Download full report here.

[1] Calculated from retail trade employment, given by the Bureau of Labor Statistics Current Employment Statistics Survey

[2] Business Relationship Analytics for Value Enhancement.

[3] EPI analysis of Current Population Survey Annual Social and Economic Supplement microdata, pooled years 2012-2014


Michael Shavel is a Global Thematic Research Analyst at Cornerstone Capital Group. Prior to joining the firm, Michael was a Research Analyst on the Global Growth and Thematic team at Alliance Bernstein. He holds a B.S. in Finance from Rutgers University and is a CFA Charterholder.

Sebastian Vanderzeil is a Global Thematic Research Analyst with Cornerstone Capital Group. He holds an MBA from New York University’s Stern School of Business. Previously, Sebastian was an economic consultant with global technical services group AECOM, where he advised on the development and finance of major infrastructure across Asia and Australia. Sebastian also worked with the Queensland State Government on water and climate issues prior to establishing Australia’s first government-owned carbon broker, Ecofund Queensland.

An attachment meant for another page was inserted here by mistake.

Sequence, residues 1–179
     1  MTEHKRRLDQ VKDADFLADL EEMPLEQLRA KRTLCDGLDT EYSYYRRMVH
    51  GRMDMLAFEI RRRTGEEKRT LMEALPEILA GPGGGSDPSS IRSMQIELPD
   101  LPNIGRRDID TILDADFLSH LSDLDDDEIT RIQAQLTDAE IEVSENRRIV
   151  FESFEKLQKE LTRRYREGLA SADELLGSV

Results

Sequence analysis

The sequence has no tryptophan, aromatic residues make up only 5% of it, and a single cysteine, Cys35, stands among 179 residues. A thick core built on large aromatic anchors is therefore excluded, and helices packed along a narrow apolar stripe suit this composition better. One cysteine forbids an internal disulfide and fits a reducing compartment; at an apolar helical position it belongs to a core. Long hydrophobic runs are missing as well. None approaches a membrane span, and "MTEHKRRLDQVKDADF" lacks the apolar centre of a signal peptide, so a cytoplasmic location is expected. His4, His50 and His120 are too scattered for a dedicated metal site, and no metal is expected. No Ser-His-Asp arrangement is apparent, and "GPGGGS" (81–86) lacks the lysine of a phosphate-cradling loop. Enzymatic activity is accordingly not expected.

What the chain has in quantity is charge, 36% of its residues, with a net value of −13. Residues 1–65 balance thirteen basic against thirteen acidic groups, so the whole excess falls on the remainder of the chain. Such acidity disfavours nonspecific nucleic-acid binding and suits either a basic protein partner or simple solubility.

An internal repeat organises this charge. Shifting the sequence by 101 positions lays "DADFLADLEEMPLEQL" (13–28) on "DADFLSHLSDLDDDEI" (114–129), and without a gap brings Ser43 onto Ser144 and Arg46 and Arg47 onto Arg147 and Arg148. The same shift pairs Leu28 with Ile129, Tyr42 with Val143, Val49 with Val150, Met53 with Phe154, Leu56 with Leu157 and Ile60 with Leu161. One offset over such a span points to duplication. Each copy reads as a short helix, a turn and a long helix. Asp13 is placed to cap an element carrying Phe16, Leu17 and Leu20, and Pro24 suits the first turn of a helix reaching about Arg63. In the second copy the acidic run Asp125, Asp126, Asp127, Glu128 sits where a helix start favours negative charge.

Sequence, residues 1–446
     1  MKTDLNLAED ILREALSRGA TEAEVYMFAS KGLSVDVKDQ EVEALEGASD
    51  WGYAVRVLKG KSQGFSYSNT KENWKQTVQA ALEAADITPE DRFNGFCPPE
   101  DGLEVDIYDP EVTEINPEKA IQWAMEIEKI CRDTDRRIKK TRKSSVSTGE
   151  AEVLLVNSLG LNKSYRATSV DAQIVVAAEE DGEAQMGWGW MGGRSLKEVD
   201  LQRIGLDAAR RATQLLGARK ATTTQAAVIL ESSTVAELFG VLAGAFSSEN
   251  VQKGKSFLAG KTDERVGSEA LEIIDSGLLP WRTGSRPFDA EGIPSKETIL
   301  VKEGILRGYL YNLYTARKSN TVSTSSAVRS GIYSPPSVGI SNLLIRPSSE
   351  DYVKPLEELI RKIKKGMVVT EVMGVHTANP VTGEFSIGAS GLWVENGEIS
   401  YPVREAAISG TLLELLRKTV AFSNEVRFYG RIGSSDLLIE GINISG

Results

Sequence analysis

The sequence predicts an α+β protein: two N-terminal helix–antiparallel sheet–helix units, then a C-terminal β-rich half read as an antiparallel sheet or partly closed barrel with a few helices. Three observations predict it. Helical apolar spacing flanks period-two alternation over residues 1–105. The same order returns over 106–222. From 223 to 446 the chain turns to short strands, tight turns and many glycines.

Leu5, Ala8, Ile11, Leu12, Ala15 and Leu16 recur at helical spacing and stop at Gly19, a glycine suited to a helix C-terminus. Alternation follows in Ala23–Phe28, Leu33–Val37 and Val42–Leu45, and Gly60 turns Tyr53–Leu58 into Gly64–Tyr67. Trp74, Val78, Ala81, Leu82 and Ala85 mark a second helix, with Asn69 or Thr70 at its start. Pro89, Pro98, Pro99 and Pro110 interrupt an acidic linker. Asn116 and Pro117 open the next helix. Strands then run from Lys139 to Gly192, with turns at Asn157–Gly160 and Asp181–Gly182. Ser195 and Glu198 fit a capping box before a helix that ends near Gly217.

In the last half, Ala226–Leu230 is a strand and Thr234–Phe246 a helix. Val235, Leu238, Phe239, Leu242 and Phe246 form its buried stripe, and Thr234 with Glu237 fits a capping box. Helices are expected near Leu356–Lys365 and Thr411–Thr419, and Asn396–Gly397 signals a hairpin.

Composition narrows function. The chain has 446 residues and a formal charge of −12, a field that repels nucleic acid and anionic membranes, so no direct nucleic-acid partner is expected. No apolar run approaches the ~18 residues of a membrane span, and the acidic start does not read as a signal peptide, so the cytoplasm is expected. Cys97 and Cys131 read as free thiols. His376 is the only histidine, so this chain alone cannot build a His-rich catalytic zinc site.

Emma Currier is a Research Associate at Cornerstone Capital Group. Emma graduated with a Bachelors of Arts degree in Economics from Brown University in May 2016. While at school, she worked with the Socially Responsible Investing Fund and as a teaching assistant for the Public Health and Economics departments. She spent her sophomore summer researching differences between American and Indian educational styles in Arunachal Pradesh, India, and completed a summer investment bank analyst position with Citi in the Media & Telecom group in 2015.